By Ruzanna Khachatrian and Astghik Bedevian
Parliament speaker Artur Baghdasarian on Tuesday publicly expressed sympathy for the independent A1+ TV station that was controversially forced off the air by the Armenian authorities four years ago.
“I myself miss A1+ and want it back on air,” Baghdasarian said, commenting on the fourth anniversary of the effective ban on the once popular channel that was marked by journalists and civil rights activists at the weekend.
Still, Baghdasarian left no indication that he or his Orinats Yerkir Party represented in Armenia’s government will try to ensure the resumption of its broadcasts.
A1+, the only national channel that was not loyal to the government, lost its broadcasting frequency on April 2, 2002 in a tender that was administered by a regulatory body appointed by President Robert Kocharian. The National Commission on Television and Radio blocked all of its subsequent attempts to win a new license despite international pressure exerted on Yerevan.
The Council of Europe and other international organizations say A1+’s closure dealt a serious blow to press freedom in Armenia. Local media watchdogs share this view.
“It can be said that our most accessible mass medium, television, is not performing a number of important public functions,” said Boris Navasardian, chairman of the Yerevan Press Club. “It does not hold the government in check. It does not familiarize the population with various political events. Nor does it have a mission to form a civilized, educated society.”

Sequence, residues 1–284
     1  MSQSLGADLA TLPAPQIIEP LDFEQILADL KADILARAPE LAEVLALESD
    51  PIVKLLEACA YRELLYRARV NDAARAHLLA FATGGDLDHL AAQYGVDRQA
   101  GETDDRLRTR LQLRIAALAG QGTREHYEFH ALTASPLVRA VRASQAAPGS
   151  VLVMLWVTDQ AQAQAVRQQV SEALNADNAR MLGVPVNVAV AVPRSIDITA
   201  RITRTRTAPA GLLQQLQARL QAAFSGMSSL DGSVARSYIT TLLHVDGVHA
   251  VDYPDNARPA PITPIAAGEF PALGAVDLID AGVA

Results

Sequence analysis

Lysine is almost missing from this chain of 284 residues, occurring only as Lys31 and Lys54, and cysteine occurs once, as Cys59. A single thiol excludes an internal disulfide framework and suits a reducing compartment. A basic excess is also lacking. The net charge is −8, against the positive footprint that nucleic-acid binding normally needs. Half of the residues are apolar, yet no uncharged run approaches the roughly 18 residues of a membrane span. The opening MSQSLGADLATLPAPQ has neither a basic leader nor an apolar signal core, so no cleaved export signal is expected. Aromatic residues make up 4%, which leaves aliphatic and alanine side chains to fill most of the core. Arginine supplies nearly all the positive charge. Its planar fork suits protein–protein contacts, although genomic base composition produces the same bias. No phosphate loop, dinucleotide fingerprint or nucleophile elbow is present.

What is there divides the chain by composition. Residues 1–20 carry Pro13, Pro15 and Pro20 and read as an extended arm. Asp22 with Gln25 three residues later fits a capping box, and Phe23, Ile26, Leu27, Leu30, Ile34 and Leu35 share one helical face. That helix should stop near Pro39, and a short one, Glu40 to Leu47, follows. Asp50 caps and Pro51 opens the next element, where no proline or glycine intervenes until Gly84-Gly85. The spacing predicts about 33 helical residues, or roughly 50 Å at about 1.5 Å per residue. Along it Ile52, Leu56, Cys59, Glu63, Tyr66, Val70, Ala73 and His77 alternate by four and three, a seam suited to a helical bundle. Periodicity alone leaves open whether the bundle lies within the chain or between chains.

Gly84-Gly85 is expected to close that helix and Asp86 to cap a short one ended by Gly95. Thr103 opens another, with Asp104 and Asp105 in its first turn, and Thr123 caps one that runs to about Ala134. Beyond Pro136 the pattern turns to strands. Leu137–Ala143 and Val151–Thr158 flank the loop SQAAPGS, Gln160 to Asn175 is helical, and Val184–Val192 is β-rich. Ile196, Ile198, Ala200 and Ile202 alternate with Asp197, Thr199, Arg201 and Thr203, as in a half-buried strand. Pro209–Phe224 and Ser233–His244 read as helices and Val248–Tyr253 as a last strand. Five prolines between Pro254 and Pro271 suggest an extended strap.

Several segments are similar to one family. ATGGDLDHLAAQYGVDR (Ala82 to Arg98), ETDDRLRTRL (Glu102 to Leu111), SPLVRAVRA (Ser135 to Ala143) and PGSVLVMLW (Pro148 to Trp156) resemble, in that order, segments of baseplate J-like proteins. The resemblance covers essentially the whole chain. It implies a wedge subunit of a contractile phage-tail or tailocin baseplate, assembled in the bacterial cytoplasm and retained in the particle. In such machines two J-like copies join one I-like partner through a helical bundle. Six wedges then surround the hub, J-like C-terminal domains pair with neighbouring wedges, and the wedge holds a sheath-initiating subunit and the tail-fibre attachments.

A1+, which has been struggling to remain afloat by producing programs for regional TV stations and publishing a newspaper, appealed to the European Court of Human Rights after exhausting all possibilities of legal action in Armenia more than two years ago. Its lawyers say the Strasbourg-based court will likely take up the case this year.
The TV station’s owner and director, Mesrop Movsesian, said on Tuesday that A1+ will again bid for a radio frequency later this week. The first such bid was rejected by the National Commission on Television and Radio in February 2005. A1+ has taken part in a total of ten TV and radio tenders since 2002 and lost all of them.
Movsisian was therefore skeptical about its chances of winning the next broadcasting contest, claiming that the commission has already promised to grant the frequency to another bidder.
In a separate development, speaker Baghdasarian announced that leaders of the Armenian parliament’s pro-Kocharian majority have decided to reject state television’s calls for an end to the prime-time broadcasts of some of the parliament sessions regularly featuring opposition attacks on the government. The chairman of the Kocharian-controlled Armenian Public Television and Radio, Aleksan Harutiunian, said recently that legal provisions mandating those broadcasts counter to European standards for press freedom.
But according to Baghdasarian, the parliament majority thinks otherwise. “Considering that this is a pre-election year and that various kinds of speculations, whether justified or unjustified, could be made, we unanimously decided to keep things unchanged,” the speaker told a news conference.